We’ve always been told to eat fresh greens for good health. But a new Consumer Reports article issues word of caution about your favorite leafy greens. Consumer Reports tested 284 samples of fresh greens from major supermarkets and grocery chains around the country and found six samples contaminated with Listeria monocytogenes, a potentially deadly bacteria. They tested lettuce, spinach and kale from these major supermarket chains. The samples were purchased at several store chains including Acme, Costco, Hannaford and Whole Foods.
Vulnerable Consumers Should Be Careful
Two of these samples were packaged, prewashed greens, spinach and an organic spinach-spring mix. The other four were loose heads of bunches of green kale, green leaf lettuce, red leaf lettuce and spinach. While Consumer Reports’ study represents a snapshot of the market and was not large enough to draw conclusions about the safety of specific brands or stores, the testing emphasizes the fact that the produce industry needs to do more to improve the safety of leafy greens.
Safety experts at Consumer Reports say that these leafy greens are packed with nutrients. But, older adults, young children, pregnant women and anyone with a compromised immune system should be cautious and carefully consider whether to eat raw, leafy greens including lettuce because of the danger posed by listeria bacteria.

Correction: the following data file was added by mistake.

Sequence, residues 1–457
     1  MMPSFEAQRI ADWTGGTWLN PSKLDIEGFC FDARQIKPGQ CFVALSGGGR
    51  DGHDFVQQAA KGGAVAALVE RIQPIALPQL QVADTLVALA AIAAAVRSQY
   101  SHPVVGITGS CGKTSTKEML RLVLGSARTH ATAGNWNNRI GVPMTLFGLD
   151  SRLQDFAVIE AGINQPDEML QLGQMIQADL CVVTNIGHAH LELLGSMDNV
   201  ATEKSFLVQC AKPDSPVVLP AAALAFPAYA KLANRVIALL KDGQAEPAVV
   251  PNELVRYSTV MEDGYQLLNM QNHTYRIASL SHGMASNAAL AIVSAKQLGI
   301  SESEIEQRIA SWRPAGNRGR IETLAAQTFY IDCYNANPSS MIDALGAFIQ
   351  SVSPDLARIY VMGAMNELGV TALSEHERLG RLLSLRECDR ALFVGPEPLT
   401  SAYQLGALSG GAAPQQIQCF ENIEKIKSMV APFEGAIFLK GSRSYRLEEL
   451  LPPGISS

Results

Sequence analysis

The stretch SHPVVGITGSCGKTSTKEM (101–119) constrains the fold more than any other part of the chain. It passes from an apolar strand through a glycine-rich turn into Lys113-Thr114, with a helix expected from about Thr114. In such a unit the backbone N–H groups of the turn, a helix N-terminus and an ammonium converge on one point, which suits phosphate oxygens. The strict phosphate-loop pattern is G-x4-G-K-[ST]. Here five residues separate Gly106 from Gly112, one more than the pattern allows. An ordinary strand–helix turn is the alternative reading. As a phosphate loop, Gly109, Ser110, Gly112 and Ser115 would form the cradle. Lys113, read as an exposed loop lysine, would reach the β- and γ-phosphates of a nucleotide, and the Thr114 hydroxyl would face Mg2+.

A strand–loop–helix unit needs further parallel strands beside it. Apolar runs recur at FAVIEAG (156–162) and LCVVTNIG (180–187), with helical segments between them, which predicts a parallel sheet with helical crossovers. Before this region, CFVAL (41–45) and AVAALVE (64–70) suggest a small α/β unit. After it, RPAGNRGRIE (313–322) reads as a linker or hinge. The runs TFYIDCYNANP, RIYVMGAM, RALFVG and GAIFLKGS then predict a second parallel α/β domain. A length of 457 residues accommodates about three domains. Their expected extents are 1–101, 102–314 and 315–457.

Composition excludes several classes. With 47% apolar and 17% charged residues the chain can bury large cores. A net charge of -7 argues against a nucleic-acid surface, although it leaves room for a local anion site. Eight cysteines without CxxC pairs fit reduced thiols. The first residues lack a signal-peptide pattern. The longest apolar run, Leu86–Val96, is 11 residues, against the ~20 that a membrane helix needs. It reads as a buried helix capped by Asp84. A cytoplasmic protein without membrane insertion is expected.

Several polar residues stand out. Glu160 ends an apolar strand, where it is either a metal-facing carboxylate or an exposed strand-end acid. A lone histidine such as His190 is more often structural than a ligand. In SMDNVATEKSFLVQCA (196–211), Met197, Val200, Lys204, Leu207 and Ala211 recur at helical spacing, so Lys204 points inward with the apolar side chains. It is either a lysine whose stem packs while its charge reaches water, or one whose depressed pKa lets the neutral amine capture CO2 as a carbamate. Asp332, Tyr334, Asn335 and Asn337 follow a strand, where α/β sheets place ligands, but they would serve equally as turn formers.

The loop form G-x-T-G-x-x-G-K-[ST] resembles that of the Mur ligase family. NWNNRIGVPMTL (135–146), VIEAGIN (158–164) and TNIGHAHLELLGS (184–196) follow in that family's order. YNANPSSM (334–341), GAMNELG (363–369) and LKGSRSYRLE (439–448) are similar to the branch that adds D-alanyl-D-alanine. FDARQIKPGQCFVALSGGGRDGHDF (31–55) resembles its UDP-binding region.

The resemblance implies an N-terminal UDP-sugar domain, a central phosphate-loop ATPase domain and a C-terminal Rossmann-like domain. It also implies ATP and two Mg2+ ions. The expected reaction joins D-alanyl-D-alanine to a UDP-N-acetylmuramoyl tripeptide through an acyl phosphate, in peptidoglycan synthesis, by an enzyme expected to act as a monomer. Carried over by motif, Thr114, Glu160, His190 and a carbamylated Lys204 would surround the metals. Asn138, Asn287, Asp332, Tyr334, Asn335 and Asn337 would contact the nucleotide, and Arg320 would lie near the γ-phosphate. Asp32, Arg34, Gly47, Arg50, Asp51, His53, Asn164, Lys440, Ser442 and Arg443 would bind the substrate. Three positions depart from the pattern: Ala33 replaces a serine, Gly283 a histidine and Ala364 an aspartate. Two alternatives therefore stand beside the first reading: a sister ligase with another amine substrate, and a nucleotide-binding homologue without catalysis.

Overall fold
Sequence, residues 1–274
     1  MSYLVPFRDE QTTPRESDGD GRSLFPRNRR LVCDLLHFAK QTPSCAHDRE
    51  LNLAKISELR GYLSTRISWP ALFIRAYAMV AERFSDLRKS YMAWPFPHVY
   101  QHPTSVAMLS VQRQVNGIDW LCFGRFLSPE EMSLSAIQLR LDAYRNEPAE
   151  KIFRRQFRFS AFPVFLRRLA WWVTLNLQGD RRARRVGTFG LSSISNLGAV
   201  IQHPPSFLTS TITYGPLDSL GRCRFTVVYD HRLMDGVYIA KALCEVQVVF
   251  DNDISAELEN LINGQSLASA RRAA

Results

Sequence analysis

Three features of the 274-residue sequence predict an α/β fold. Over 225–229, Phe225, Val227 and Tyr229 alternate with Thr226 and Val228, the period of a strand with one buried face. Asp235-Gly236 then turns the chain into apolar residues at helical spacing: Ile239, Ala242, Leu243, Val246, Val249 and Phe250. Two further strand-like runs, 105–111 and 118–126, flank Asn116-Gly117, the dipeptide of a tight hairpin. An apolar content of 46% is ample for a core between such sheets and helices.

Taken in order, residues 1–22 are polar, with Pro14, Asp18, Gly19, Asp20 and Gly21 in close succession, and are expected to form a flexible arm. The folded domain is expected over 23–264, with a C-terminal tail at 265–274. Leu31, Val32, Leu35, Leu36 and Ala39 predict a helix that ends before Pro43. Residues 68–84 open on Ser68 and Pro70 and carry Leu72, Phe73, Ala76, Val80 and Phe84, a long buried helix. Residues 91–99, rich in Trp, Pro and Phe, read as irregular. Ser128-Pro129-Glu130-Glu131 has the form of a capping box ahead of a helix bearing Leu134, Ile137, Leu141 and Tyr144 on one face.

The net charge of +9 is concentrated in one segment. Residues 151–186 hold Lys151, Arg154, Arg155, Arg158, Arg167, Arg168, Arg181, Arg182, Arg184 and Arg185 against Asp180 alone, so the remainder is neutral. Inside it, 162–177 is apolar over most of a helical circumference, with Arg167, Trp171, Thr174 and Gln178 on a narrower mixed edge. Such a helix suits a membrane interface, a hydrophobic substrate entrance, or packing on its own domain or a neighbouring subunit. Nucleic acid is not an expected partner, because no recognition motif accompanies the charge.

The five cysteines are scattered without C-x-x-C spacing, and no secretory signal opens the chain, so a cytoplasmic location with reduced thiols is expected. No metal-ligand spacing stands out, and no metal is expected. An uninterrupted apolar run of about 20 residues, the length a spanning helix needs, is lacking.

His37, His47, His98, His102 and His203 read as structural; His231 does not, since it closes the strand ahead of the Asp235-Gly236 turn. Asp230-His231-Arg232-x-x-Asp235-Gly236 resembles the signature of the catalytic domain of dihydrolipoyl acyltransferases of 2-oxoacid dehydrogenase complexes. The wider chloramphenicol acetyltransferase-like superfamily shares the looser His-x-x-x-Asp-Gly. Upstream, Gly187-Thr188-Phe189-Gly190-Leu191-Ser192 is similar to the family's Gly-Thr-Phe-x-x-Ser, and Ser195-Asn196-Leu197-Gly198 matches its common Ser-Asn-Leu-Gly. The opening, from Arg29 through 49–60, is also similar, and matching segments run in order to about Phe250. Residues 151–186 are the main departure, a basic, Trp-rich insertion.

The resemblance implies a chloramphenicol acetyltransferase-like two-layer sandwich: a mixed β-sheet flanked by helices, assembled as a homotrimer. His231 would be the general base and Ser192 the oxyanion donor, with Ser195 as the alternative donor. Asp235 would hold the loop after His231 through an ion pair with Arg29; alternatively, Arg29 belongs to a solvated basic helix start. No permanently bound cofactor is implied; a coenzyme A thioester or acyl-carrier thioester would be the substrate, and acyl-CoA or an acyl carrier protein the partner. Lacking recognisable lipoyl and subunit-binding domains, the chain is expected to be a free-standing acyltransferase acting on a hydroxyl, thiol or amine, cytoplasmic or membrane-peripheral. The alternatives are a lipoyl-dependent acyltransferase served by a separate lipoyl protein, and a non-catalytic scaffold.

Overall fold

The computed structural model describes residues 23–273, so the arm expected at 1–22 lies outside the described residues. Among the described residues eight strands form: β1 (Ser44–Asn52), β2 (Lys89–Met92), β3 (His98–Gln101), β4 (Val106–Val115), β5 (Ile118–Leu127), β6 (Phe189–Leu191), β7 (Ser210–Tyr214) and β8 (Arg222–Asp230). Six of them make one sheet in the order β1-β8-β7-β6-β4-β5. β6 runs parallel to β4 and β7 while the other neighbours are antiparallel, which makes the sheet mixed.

Listeria affects young children, older adults, those with compromised immune systems and pregnant women, who are at risk of suffering miscarriages or stillbirths if they contract listeriosis. Consumer Reports decided to test leafy greens for harmful bacteria after several outbreaks linked to E. coli in romaine lettuce and other leafy greens over the past few years.
What You Need to Know
Listeria is different from other types of bacteria that cause food poisoning because it is one of the very few bacteria that can actually grow even in refrigerated food. In fact, the cold, moist environments of refrigerators and food-processing facilities offer a great breeding ground for the bacteria. Almost everyone who develops the disease requires hospitalization and about 20 percent die, while less than half a percent of people infected with salmonella die.
Is it possible to eat your favorite leafy greens and still prevent listeria? Experts say the safest move is to stick with leafy greens that you can cook. The greens must be cooked until they are fully wilted. You can also prevent listeria infections by eating the greens soon after you buy them – before the bacteria has had the chance to multiply. Avoiding greens at restaurants may also help protect you. Nearly 85 percent of outbreaks linked to greens stemmed from restaurant meals, according to a 2015 study by the Centers for Disease Control and Prevention.
If you have been sickened after consuming leafy greens or any other food product, please contact an experienced California food poisoning lawyer who can provide you with more information about pursuing your legal rights.